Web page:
Controlling your Inner Batman

A word on “control”.
Sounds like the introduction to a brilliant Janet Jackson track, but no.  It’s better. In this note, I want to tackle quickly, swiftly and simply one of a broadcaster’s biggest downfalls in managing their on-air execution, conversationability, and sense for always delivering a natural and real link.
It’s called “control”.
Where do you as a broadcaster understand the lines of control in group conversation, a two way dialogue, or even a self-served  monologue?
“The plight of the conversational broadcaster” – as I like to refer when watching both amateur and experienced broadcasters time and time again, show after show, animated link after animated link – never grasp what mindset it takes to, and wait for this – always execute a conversational, natural and personality-filled link.
And here is the answer. Control.
Where’s the point of reference? Examples? Explanation?
Apart from some lucky individuals who passed this obstacle the moment they got behind a mic, most broadcasters flip into what we call “radio voice” or “radio mode” when performing any part of a link that doesn’t constitute talking to someone. If you can try imagine the two voices of Bruce Wayne and Batman. The “I am Batman” alter ego voice is the one we need to get rid of when doing our shows. Granted. Batman is way more interesting than Bruce Wayne – he has better toys, greater allure and a lot more people would even love to be Batman rather than Bruce Wayne.  But Mr. Wayne is (sorry to shatter so many dreams) the real one out of the two.
It’s the same in radio. There is an element of wanting, and sometimes even needing to shed your humdrum everyday personality for a slightly amplified alter-ego…but don’t do it for the wrong reasons.
Like the Batman, you should not want listeners (or fans) to like you because you have allure or appeal that is fabricated behind a mask of who you really are.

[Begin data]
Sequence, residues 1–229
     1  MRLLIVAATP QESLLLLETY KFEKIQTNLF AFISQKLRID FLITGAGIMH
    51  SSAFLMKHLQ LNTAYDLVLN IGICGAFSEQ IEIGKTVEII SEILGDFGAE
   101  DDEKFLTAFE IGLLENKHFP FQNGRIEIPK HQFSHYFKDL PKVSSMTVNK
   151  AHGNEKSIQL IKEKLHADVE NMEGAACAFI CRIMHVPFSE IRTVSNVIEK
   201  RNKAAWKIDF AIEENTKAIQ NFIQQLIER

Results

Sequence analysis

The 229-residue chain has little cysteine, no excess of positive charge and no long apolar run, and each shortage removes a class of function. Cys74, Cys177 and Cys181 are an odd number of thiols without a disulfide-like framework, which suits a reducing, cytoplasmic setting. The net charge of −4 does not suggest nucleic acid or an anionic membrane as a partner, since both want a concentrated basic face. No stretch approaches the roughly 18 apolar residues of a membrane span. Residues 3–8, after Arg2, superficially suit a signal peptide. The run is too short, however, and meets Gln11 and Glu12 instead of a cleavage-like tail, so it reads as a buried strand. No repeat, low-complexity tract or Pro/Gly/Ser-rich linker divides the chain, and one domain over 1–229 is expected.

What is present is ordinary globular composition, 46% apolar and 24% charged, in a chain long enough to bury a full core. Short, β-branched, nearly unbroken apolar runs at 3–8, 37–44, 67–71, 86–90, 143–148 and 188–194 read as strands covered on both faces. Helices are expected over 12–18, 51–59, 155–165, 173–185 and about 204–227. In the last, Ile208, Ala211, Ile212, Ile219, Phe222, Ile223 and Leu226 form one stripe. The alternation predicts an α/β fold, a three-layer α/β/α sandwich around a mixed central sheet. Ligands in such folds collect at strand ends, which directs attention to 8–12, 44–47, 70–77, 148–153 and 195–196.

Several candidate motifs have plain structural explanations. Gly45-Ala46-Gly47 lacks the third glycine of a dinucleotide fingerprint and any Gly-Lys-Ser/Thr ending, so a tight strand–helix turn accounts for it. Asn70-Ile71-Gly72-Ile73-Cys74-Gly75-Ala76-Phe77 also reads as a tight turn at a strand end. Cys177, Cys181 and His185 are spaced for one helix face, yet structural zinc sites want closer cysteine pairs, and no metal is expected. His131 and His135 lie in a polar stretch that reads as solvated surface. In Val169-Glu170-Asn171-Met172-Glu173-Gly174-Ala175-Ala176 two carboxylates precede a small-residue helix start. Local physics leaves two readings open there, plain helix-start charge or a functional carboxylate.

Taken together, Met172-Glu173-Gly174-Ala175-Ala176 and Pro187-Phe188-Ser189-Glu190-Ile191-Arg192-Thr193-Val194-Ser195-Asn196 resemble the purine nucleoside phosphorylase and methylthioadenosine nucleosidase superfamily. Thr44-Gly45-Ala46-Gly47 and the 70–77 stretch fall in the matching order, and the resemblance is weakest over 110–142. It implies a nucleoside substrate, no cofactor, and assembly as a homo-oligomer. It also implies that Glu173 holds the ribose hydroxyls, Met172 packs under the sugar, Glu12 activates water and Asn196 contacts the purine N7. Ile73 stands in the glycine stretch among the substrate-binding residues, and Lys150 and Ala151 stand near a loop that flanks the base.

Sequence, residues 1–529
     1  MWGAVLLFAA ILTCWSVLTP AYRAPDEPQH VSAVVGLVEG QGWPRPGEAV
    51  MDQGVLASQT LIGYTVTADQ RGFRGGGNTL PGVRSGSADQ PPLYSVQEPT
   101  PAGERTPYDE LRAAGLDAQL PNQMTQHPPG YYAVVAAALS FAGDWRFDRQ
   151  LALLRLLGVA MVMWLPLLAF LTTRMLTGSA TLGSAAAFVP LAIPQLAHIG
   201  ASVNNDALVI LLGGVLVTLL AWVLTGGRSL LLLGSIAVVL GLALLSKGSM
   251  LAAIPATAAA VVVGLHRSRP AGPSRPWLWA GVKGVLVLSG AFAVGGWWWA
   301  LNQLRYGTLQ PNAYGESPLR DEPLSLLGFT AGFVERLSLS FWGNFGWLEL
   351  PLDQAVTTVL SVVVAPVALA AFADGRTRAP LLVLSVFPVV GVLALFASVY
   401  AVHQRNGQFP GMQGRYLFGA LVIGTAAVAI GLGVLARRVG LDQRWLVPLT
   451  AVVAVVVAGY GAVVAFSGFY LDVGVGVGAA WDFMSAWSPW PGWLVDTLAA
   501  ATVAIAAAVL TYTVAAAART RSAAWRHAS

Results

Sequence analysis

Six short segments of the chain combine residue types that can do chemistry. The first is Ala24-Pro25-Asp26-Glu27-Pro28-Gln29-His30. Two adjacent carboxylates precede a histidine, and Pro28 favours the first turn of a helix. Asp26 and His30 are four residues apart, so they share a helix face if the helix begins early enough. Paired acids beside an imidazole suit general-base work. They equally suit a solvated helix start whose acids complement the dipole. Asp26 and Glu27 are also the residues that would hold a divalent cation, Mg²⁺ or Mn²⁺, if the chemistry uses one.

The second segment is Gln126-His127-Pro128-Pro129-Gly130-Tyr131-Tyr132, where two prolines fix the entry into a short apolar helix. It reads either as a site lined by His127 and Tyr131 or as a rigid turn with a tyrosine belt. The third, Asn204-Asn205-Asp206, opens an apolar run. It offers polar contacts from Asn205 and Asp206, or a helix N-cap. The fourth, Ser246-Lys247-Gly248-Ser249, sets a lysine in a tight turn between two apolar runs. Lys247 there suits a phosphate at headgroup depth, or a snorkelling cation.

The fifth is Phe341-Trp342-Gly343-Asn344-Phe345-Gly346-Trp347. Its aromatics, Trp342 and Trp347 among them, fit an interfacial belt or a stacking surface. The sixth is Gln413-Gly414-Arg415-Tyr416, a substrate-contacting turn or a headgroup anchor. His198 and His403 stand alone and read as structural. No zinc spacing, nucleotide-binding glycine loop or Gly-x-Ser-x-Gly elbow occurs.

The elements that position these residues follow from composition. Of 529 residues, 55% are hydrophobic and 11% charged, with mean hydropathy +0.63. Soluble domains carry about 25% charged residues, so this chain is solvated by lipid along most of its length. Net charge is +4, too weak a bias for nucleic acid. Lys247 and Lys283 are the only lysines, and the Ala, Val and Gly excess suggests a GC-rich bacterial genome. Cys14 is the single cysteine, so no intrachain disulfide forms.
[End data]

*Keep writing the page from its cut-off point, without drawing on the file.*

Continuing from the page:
In fact, you are missing out on a really great opportunity here to showcase an amazing personality on air (after all, that’s why you have been hired to do your job in the first place) – and you’re trashing it for a trade in of some cardboard cut out of yourself just because it comes with a free utility belt and latex costume that makes you “feel” like a superhero on air.
I am straying from the point of this article slightly.
So how do you get rid of the “radio voice”, that animated, unnatural element to any thing you say on air?
Control. The concept of control while having a conversation with someone whether it be
– in a vox pop
– in an in-studio interview
– an on air banter with a news presenter or show contributor
– or a caller as part of your content link
is where any broadcaster finds that the natural execution and “real feel” comes from thinking that you have ‘control’ of or in that interaction or conversation. Suddenly you hear a broadcaster sound like a normal human being, laughing, asking relevant questions, or organically moving from one part of the dialogue to another. All attributed to the fact that you think because you have a vested part to play right now, and by that I mean you think you are “controlling” conversation, where it’s going, what you want out of it and with whom you choose to have it – you (the broadcaster) feel confidence and power in projecting the best, “normal” version of yourself.
Whoever you are engaging with is,  by the way, doing the same thing. It’s common laws of communication or rather – rules of engagement.
So how does this help? Along with that alter-ego you need to dump immediately, start now by saying that “control” comes from the moment you switch on the mic to say anything, you ARE speaking to someone, whether you can see or hear them, or not. Listener’s are always there, and have no reason to believe that unless you are speaking to someone in the literal sense while on air, you should be any less natural.
You are in “control”, at all times. There is no fancy way you need to back announce a song, tell them the time, explain how and what you will be doing at the top of the hour or any other element of the show. Just make it sound good. And when you make it sound like you (not forgetting this you needs to still sound professional), it stops sounding good, and starts sounding great.

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